Objective: The authors assessed whether clinical and psychosocial factors in depressed adolescents at baseline predict suicide attempts and nonsuicidal self-injury over 28 weeks of follow-up.
Method: Participants were 164 adolescents with major depressive disorder taking part in the Adolescent Depression Antidepressants and Psychotherapy Trial (ADAPT). Clinical symptoms, family function, quality of current personal friendships, and suicidal and nonsuicidal self-harm were assessed at baseline. Suicidal and nonsuicidal self-harm thoughts and behaviors were assessed during 28 weeks of follow-up.
Results: High suicidality, nonsuicidal self-injury, and poor family function at entry were significant independent predictors of suicide attempts over the 28 weeks of follow-up. Nonsuicidal self-injury over the follow-up period was independently predicted by nonsuicidal self-injury, hopelessness, anxiety disorder, and being younger and female at entry.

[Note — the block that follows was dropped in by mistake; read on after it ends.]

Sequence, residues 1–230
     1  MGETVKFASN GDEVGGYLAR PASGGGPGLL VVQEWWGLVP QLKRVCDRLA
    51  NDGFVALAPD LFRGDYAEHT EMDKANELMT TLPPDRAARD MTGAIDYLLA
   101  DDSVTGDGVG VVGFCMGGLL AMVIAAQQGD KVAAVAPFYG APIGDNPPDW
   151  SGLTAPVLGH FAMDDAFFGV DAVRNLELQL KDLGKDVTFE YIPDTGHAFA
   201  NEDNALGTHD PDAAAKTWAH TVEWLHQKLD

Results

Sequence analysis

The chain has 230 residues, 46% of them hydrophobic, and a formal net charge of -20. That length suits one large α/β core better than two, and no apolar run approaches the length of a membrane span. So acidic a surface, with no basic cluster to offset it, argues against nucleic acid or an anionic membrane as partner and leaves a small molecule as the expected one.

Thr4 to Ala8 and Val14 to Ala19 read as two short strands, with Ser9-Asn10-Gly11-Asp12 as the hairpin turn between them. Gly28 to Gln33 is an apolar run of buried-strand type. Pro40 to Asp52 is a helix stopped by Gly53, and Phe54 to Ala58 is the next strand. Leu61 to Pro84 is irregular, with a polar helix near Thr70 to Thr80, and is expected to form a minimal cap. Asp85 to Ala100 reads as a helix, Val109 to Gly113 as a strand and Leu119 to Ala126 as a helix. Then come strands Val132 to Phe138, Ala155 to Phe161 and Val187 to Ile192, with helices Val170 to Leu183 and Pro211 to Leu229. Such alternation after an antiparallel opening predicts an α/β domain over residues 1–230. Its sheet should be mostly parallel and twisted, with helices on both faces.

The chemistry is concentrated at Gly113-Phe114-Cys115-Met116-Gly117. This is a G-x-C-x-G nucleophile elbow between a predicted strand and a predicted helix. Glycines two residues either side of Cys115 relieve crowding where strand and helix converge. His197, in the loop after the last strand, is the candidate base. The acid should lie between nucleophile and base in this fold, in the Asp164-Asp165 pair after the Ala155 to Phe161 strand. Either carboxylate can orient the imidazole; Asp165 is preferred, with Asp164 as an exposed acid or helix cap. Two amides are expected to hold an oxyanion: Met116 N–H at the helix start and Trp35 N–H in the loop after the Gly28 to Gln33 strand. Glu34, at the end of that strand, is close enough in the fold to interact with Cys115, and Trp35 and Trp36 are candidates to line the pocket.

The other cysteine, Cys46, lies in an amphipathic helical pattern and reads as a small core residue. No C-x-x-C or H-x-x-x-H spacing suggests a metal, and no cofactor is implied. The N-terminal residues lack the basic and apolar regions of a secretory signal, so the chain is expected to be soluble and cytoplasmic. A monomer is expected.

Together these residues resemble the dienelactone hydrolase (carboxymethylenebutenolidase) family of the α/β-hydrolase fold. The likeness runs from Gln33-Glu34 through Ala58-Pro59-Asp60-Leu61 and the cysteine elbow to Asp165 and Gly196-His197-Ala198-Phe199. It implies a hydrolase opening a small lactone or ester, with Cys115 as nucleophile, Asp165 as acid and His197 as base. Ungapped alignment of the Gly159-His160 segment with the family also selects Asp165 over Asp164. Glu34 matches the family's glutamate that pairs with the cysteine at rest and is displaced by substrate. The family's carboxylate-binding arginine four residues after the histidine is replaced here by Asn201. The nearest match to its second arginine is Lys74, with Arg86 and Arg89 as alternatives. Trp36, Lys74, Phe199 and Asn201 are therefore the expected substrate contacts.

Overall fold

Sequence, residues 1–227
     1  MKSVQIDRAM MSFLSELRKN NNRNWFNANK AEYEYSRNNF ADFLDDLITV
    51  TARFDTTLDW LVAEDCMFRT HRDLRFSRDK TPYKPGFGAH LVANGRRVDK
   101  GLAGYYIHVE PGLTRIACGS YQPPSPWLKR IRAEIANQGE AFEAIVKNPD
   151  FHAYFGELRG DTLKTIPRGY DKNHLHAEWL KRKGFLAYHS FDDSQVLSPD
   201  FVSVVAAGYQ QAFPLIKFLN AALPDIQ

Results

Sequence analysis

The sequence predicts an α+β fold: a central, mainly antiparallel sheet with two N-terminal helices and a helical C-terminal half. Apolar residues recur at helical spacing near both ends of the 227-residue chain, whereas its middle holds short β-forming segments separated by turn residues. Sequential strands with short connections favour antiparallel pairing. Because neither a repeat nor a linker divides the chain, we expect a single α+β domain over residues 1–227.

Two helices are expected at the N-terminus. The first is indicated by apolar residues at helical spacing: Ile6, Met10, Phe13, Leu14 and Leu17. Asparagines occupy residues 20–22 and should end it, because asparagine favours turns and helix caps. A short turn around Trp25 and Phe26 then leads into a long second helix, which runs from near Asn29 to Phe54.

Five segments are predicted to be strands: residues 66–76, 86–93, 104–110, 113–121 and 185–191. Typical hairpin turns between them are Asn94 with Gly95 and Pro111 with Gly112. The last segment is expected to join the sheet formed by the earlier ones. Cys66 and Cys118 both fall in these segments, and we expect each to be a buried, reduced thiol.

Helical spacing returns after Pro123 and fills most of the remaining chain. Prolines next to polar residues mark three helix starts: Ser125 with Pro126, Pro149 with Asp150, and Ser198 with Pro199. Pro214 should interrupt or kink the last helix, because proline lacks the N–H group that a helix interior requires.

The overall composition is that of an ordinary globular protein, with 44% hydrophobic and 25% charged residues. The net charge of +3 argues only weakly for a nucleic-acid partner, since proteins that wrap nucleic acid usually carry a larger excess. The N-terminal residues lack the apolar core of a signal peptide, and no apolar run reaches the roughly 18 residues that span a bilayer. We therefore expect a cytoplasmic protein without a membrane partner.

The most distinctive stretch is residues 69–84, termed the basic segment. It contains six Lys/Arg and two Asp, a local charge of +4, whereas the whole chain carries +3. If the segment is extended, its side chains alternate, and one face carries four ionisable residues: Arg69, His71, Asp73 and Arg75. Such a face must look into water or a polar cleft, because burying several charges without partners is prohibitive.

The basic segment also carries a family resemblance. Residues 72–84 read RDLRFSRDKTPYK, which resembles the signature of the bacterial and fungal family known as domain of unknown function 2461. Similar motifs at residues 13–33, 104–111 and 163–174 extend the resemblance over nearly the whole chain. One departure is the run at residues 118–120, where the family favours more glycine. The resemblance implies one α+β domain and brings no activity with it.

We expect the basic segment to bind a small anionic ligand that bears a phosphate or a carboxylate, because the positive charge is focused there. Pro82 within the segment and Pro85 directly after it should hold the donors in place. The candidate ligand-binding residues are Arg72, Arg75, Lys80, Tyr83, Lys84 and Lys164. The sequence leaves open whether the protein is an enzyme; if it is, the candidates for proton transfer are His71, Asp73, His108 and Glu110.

Conclusions: Both suicidal and nonsuicidal self-harm persisted in depressed adolescents receiving treatment in the ADAPT study. A history of nonsuicidal self-injury prior to treatment is a clinical marker for subsequent suicide attempts and should be as carefully assessed in depressed youths as current suicidal intent and behavior.